The question in that respect is of course if your point of view comes from you as a critic (focus on film selection, competition programmes etc.), or you put yourself in as a visitor, who expects to be serviced – information about the films, tickets available, prices, quality of Q&A, sectioning of the films… etc.
Professional or not, it is not easy to go to the big festivals. What to choose? I do not remember a festival visit during the last 10 years, where I did not meet friends, who said: Please, give me some tips, what should I see? Veeery difficult question to answer, there is a lot of vonhörensagen that I can pass on, there are directors whose work I know, there are film descriptions that appeal to me… but how to advice if there are 100 or 200 or 300 films offered? Plunge into the ocean of titles and hope for a good swim!
The festivals recognise the problem and have started on their sites to have the staff – or others – come up with some recommendations, and another ”modern” tool is being used: If you have seen this film, you could also watch… Is that the right service ot should the festival rather limit their number of films to be shown?
For the documentary film festivals right now, and they are really many, if you talk about an international programme selection, I would mention idfa Amsterdam, DOKLeipzig, Visions du Réel Nyon, Cinéma du Réel, cph:dox – all of these come up with new films, well they mostly demand world premieres, whereas many other fine festivals like ZagrebDox, DocLisboa, Thessaloniki Documentary Festival visit the above mentioned to pick the best for their profile to have a selection to be praised for the focus on Quality.
All of them have websites which are informative, some more than others – I have for years been impressed by the way the press-conferences in Thessaloniki are covered, long in-depth summaries of what was said by the directors. Very giving, if you are not able to be there yourself.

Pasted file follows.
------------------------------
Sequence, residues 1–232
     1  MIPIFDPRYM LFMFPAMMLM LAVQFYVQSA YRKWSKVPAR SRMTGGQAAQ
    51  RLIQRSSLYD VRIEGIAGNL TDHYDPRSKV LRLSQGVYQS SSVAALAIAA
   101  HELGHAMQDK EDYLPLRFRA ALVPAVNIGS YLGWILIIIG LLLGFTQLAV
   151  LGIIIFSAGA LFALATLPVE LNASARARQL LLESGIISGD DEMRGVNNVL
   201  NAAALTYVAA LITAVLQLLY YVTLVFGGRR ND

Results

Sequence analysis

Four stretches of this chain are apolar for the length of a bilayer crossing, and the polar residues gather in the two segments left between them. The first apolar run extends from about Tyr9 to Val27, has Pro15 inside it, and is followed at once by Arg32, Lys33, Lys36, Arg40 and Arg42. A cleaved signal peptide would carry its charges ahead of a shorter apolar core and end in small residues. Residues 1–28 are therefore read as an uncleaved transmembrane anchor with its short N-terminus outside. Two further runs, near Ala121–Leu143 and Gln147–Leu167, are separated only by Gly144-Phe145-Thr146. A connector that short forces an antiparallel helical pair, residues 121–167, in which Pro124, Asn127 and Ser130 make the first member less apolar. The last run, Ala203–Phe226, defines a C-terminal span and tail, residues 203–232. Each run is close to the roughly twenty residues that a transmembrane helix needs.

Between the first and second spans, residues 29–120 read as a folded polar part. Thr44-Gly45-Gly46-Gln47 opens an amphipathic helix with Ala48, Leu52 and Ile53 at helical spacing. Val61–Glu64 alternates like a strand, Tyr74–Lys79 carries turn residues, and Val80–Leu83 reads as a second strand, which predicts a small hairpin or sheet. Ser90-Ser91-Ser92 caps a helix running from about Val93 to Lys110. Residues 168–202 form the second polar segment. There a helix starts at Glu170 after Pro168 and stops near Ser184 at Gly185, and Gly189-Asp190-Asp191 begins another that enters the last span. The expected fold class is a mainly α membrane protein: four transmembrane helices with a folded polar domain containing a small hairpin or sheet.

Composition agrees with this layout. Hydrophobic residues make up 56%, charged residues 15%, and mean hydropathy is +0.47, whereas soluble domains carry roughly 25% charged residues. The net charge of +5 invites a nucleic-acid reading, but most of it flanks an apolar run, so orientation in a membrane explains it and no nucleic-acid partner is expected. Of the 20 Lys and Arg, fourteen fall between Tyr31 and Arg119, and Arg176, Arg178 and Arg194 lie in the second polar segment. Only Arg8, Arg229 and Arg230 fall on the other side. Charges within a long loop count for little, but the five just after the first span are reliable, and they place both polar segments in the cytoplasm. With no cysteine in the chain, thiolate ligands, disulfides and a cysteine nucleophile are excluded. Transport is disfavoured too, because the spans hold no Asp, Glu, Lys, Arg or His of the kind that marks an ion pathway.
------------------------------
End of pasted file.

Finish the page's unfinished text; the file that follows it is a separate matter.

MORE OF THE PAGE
Festival Journalism and Critique
The festivals do a lot themselves for their audiences to add to what the visitor/viewer/spectator can find in the catalogue or on the website of the festival. The publishing of video interviews from Q&A-sessions are more and more done, and is good to learn from. Furthermore it creates a culture of film enthusiasm and seriousness around the festival, the same goes for the ”journal of the day” as we see it at idfa, just to mention one example.
Another one is the one published by Jihlava International Documentary Film Festival, in many ways a festival with its own, original profile created by the director Marek Hovorka. Their DOKRevue
aims at being of high-quality with theoretical articles, deeper interview, reviews, mostly with a focus on Czech and Slovak works.
However, apart from the mentioned DOKRevue, you have to remember that these journalistic texts and videos are made by journalists, who are employed by the festival so the aim is to give valuable, intelligent background material to the reader before/after he/she has seen the film in question. The starting point, in other words, is promotion. Not critique.
To sum up I am afraid it is not really possible to say that an independent film festival critique exists. The one that comes from ”inside” = the festivals themselves is more promotion than critique but can absolutely be of fine informational quality like those written by the journalistic staff of idfa, always with a signature. The DOX magazine that I had the privilege to be one of the founders of, has published its number 100, and refrains from having too many festival reports. Rather the tendency is that films that have been seen at bigger festivals are being reviewed in DOX. No objections to that.